SALT LAKE CITY — Elder Neil L. Andersen, a member of the LDS Church Quorum of the Twelve, challenged thousands youth gathered at the RootsTech conference Saturday, Feb. 8, the to “find their cousins.”
He used “finding cousins” to describe family history research. Elder Andersen specifically mentioned puzilla.org, and demonstrated it’s effectiveness in finding, connecting and entering family history work.
“If your family history chart isn’t full… do your best to fill it in,” Elder Andersen said, “We discover something about ourselves when we learn about our families.”
Elder Andersen keynoted The RootsTech Discovery Day, a program designed for youth held Feb 8., that began with the pop of kettle corn.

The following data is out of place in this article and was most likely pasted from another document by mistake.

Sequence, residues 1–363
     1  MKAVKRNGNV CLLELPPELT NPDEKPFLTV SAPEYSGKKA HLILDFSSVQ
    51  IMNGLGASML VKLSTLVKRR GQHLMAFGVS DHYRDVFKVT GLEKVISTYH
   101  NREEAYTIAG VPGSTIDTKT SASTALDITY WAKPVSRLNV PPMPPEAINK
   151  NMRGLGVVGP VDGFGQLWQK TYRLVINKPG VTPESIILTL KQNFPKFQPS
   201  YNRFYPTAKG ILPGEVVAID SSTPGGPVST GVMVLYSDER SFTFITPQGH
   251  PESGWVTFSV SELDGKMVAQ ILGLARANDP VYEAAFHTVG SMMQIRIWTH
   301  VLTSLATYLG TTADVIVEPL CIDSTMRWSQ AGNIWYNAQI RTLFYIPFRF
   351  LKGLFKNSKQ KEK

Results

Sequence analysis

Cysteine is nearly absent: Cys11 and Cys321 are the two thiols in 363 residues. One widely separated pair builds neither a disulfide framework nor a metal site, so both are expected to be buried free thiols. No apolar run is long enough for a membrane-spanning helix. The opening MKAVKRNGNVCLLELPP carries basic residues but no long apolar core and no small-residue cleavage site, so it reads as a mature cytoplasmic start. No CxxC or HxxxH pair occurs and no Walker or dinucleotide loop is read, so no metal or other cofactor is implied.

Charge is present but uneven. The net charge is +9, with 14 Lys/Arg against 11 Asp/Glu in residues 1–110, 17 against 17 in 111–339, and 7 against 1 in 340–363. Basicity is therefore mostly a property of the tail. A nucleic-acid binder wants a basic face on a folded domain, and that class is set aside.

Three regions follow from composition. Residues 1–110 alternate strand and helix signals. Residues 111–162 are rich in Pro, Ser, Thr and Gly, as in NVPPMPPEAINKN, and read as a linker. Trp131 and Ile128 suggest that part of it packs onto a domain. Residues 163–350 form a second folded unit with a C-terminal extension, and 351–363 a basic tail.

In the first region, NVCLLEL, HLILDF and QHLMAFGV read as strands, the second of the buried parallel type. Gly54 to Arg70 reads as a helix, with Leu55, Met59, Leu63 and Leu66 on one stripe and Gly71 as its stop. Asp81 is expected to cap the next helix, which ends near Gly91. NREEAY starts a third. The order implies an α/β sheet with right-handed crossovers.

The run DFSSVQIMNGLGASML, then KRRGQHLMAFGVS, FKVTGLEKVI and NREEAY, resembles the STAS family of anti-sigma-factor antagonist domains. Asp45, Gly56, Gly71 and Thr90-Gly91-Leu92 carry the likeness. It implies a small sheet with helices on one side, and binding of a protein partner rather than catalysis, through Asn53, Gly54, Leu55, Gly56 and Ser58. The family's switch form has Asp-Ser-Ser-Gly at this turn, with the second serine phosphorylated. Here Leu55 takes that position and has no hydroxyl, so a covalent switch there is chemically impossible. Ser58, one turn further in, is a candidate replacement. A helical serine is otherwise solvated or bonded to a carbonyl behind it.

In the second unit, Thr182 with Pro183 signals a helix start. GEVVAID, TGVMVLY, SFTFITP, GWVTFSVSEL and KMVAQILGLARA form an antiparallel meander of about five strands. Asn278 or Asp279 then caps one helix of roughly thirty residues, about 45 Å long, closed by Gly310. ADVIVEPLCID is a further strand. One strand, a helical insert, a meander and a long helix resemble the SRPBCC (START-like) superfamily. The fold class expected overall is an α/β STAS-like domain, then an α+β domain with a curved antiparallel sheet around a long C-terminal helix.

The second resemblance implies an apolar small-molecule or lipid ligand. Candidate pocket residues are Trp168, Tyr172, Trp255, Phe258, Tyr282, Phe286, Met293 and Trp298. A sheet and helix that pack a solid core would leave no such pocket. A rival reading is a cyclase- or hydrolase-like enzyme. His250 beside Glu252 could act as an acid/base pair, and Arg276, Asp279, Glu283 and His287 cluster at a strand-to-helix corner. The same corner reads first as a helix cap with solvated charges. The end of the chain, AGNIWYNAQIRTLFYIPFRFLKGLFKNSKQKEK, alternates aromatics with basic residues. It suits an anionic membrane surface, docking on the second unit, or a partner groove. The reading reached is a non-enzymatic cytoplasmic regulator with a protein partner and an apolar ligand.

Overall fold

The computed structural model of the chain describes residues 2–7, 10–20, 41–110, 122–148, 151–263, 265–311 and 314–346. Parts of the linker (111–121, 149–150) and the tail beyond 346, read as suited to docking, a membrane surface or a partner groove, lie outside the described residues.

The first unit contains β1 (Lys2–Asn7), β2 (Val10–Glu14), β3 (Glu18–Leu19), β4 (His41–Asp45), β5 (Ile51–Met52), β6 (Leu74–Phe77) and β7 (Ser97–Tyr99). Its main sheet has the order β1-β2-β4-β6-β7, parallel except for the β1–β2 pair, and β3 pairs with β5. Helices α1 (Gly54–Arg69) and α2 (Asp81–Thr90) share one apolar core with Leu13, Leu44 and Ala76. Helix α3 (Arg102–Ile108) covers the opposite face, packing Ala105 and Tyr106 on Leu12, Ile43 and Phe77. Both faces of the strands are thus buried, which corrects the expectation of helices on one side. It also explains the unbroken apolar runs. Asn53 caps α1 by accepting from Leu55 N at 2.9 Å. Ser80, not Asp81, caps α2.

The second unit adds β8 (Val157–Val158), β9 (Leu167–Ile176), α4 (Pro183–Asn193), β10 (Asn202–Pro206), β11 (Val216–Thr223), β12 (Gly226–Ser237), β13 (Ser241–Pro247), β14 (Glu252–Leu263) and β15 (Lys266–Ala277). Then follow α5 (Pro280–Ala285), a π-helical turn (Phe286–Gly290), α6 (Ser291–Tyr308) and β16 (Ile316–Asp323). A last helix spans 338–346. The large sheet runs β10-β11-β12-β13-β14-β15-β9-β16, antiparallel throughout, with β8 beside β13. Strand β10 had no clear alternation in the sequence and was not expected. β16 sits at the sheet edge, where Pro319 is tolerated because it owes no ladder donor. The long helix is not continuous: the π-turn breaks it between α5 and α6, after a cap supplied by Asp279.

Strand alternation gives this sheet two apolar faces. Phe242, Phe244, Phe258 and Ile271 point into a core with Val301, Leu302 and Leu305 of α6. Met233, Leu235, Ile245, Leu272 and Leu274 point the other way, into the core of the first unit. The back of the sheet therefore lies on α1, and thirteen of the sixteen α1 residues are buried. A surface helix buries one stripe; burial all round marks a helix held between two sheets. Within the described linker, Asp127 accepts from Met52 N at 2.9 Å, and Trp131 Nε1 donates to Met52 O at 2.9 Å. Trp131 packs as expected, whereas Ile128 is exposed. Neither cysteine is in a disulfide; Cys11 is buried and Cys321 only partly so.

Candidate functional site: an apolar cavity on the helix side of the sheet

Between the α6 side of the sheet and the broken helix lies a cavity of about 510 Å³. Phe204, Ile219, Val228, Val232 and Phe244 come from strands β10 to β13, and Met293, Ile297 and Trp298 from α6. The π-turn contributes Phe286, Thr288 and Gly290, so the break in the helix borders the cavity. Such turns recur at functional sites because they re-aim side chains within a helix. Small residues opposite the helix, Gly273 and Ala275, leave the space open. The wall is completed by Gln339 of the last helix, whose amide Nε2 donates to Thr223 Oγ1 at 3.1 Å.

The conference was appropriately themed “Connecting your family: past, present and future,” and consisted of classes, key note speakers and interactive genealogy technological programs for parents, leaders and youth.
Family history has been a growing phenomenon around the world, not only among members of The Church of Jesus Christ of Latter-day Saints.
Thanks to programs and phone apps like Provo-based Ancestry.com, the LDS Church’s Famlysearch.org, PeopleFinders and Family Storytelling, people around the world are finding interest and ease in genealogy.
The Church of Jesus Christ of Latter-day Saints, which sponsored the convention, has the world’s largest collection of family history records and databases.
The RootsTech convention began on Feb. 5 and ended Feb 8. More than 10,000 people from 49 states and 21 countries were in attendance. Special events included famous blogger, Stephanie Neilson, Elder Foster of the Quorum of the Seventy and performances from BYU’s Vocal Point and Studio C.